Well that was a fantastic weekend of football, wasn’t it? Not one compelling Wild Card game in the bunch, though that’s not the issue here. Two of the weekend’s games, in particular, brought into sharp relief two of the major problems with the NFL and the way it’s covered by the media.
1) The Ray Lewis Hagiography
Winning trumps everything in sports (well, and pretty much everything else in American pop culture). Never forget that. And that unfortunate truth is never more present than in football, where we’re taught that the victor is the one who wants it more, who sacrifices more, who works harder and who has more heart. It’s like the entire NFL is comprised of a thousand giant David Ecksteins, and the only difference among them is who can get more Eckstein-y on any given Sunday.
The way Ray Lewis is treated by the football media is more than a little unsettling even in an average week. And this was no average week.
When Lewis announced before the game against the Colts that he planned to retire after the season, it became inevitable that the entire weekend — and more, for as long as the Ravens last in the playoffs — would become a tribute to the dancing fool.
But oh, it was worse than we could have possibly imagined. From Lewis’s ridiculous pregame, pyro-riffic dance and entrance to Phil Simms droning on about his “fresh legs” to the announcers ignoring his consistent blown coverages and sluggish movement, Ray Ray was the sole focus of a game that also featured a probable future star in Andrew Luck, a current star in Ray Rice, and of course the fact that the game would end the season for one of the two teams involved.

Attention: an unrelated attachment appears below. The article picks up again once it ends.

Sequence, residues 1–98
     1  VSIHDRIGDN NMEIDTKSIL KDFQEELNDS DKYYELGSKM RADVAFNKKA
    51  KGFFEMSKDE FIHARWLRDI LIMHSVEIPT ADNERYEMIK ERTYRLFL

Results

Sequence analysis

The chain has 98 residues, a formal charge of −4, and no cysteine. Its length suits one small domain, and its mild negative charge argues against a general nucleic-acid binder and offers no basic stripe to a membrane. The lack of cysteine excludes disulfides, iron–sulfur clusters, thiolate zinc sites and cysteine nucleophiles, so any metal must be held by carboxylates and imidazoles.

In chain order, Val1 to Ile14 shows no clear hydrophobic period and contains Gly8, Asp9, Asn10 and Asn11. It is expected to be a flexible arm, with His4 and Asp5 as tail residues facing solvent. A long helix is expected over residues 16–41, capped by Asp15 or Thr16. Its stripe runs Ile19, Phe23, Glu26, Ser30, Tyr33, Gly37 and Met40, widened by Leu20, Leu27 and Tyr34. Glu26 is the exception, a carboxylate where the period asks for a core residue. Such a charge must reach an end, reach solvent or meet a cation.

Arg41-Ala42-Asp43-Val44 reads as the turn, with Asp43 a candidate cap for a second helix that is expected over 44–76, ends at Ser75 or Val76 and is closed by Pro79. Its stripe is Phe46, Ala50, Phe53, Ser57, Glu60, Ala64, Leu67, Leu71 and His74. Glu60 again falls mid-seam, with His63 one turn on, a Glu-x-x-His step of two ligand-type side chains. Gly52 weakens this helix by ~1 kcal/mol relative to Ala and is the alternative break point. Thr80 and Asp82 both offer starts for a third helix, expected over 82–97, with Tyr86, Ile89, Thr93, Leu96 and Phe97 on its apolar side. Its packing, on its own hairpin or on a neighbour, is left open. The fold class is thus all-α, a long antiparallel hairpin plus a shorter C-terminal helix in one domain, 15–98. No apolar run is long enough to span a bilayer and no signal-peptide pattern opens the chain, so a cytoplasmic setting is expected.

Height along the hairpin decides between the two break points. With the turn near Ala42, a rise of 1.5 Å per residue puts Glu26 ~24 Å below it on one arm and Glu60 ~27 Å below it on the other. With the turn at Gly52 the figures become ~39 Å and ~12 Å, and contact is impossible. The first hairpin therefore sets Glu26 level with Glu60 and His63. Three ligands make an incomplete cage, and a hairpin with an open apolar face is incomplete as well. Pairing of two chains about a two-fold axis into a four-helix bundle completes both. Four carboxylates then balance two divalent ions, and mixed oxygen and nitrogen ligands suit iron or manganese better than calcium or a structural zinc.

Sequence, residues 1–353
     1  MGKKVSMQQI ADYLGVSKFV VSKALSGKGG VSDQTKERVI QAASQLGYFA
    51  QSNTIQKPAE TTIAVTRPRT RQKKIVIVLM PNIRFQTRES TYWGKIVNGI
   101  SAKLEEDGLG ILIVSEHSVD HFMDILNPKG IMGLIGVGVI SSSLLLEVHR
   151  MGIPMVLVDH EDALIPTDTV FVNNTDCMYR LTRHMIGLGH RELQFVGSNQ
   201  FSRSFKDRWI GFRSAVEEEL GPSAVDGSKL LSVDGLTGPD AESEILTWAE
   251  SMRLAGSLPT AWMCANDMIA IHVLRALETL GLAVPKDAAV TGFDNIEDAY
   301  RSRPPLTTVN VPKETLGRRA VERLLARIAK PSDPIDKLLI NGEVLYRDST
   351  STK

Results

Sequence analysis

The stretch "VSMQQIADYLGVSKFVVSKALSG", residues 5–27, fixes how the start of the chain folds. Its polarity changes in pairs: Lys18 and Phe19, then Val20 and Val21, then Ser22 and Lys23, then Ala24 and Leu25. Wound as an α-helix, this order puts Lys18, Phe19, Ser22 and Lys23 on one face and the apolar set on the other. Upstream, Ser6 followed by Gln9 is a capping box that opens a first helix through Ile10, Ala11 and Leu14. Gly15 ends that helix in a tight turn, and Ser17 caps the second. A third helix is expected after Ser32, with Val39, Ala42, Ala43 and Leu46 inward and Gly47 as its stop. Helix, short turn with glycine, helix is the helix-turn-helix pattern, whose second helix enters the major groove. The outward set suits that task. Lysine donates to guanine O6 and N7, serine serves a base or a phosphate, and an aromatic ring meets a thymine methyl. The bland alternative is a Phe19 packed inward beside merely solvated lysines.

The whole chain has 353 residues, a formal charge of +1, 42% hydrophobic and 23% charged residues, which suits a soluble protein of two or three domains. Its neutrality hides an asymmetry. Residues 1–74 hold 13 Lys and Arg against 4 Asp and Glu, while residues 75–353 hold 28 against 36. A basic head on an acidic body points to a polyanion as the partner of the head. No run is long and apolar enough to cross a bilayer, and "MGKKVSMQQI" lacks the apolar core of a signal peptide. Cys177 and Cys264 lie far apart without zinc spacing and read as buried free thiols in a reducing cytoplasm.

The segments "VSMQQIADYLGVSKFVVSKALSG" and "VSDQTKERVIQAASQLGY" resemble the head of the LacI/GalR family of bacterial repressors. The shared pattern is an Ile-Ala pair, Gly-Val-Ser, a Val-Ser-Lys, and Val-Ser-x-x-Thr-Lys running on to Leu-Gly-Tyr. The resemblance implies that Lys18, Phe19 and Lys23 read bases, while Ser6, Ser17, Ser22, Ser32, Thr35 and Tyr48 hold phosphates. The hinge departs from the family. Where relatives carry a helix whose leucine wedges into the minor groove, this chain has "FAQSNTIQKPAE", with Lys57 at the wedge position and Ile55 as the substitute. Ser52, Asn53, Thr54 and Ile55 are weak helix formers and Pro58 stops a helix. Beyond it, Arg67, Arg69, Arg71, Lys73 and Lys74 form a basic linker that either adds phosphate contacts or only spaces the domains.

Ravens coach JimJohn Harbaugh (I’m tired of distinguishing between the two; they’re both basically the same person and they’re both assholes) allowed Lewis to take the field for the Ravens’ final play, a clinching kneeldown. Instead of focusing on the victory or next weekend’s game against Denver, we all got to watch Lewis dance again. Wait…I thought football was supposed to be the ultimate team sport, downplaying individual accomplishment for the good of the unit?
Peter King went on to describe the game as Lewis’s “Ripken moment.” Right. Right, right, right. There was a self-indulgent victory lap. That much is true. And it did take place in Baltimore. Also true. Just one little thing, though: Cal Ripken never obstructed justice in a double murder case. (As far as we know.)
While the NFL media breathlessly praises Lewis for his courage and heart and blah blah blah, and speculates about his sure-to-be wonderful post-football career as a TV talking head, no one seems to be mentioning that Lewis’s legacy is at least as much about the night in Atlanta when two people died as it is about big hits and spastic, idiotic dancing.
Because Lewis won a Super Bowl and outlasted the aftereffects of the bad publicity involving the case, apparently none of that matters anymore. This is a Great Man. This is a Warrior.